In this action research project, experiences with quota designs, challenges and achievements of quota parliamentarians, in terms of substantive representation, are reviewed in Afghanistan. The focus lies on the concept of political patriarchy, that is, an androcentric to sometimes even misogynist political configuration in relation to (i) power relations, (ii) socio-political culture and gender roles prescriptions, (iii) institutional setups, practices and discourses. This assemblage draws heavily on the subsequent structural constraints through gatekeepers and peers, recruitment and decision-making processes, institutional structures of voice and agency, that shape gender quota parliamentarians’ forms and impact, to affect substantive political representation, as well as political effectiveness.
Taking on a case study perspective, I essentially focus on the level of the national parliament, to critically review quota designs, practices and experiences of women parliamentarians on quota seats. In doing so, the intent is to explore the confluencing roles of: individual and collective civil society representatives which liaise and lobby with the parliament and legislators, for example, women’s organisations, human rights activists or electoral watchdogs; peers within the assemblies comprising heads of parliamentary groups, chairs of parliamentary committees/commissions; and gatekeepers & (potential) veto actors/spoilers, such as, political party leaders, ministerial bureaucrats, influential parliamentarians or government members inter alia. Guiding exploratory questions used to obtain information include: What quality, transversality, along with volatility characterises gender quota mandates in Afghanistan? What kind of ‘imagined constituency’ do gender quota parliamentarians conceptualise and aim to establish, including ensuring their own political mainstreaming and effectiveness beyond a quota regime? Do gender quota politicians advance a pro-women agenda? To what extent is this structured by a specific power configuration within formal and informal institutions, and by (in-formal) stakeholders within society and politics? What changes are required with regard to institutional configurations, engagement with key stakeholders, and the quota system and election system designs, as such?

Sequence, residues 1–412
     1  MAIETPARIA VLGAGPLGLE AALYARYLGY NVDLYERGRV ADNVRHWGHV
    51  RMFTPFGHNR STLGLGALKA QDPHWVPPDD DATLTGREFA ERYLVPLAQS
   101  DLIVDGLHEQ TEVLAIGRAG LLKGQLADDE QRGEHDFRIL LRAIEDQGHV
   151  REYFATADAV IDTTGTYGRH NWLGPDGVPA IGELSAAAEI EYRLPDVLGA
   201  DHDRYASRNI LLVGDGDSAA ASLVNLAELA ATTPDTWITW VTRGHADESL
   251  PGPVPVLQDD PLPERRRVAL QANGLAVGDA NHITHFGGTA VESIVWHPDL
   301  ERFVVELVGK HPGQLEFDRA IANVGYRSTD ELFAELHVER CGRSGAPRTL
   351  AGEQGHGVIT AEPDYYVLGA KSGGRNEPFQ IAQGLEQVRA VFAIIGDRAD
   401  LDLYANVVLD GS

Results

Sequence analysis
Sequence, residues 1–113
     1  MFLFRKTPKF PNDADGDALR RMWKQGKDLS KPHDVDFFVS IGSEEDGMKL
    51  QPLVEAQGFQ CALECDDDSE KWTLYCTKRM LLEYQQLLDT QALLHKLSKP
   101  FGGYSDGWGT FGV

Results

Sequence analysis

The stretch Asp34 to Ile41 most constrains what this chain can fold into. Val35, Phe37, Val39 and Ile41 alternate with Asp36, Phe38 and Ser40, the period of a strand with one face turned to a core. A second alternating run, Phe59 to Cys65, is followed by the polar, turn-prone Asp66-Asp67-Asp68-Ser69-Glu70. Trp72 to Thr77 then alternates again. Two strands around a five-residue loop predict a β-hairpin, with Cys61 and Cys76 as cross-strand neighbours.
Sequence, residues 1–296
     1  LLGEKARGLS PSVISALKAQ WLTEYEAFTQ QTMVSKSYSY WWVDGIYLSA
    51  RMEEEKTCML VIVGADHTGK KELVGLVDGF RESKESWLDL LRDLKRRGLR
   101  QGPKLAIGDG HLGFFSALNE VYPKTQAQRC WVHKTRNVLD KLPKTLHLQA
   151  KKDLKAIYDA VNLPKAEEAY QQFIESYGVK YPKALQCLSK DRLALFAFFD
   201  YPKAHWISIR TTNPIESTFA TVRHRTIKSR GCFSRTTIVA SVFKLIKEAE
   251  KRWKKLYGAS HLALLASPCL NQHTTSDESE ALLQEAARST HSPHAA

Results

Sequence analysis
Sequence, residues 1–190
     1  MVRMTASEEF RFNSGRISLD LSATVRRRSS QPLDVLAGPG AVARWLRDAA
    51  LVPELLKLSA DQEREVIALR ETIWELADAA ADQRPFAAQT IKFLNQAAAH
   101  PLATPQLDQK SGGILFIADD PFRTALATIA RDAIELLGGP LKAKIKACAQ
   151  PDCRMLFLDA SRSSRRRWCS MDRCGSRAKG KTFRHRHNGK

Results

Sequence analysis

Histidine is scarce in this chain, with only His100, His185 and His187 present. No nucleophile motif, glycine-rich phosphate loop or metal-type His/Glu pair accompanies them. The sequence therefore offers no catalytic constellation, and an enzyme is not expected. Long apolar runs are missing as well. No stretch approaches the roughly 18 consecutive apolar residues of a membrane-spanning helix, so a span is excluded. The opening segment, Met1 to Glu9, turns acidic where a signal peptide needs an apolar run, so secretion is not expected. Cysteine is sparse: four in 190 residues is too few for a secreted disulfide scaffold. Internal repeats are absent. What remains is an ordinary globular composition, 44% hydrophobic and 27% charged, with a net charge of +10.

Logically contouring through the complex phenomenon, and for clarity, reviewed first, is the perceived performance and impact of gender quota parliamentarians, within the ambit of: legislation; government oversight; and representation of constituents, in particular women (albeit neither a homogenous social group nor a coherent constituency). This is followed by investigating the constraints and barriers to gender quota parliamentarians’ political mainstreaming and effectiveness by gatekeepers shaping the candidacy pool along with transversality of legislative mandates, recruitment/decision-making and agenda-setting processes within parliamentary groups and political networks/coalitions. Not to mention that these foci are overbearingly influenced and determined by external actors and their transnational/global policies and interventions, influencing Afghanistan at the level of a state-sponsored political patriarchy.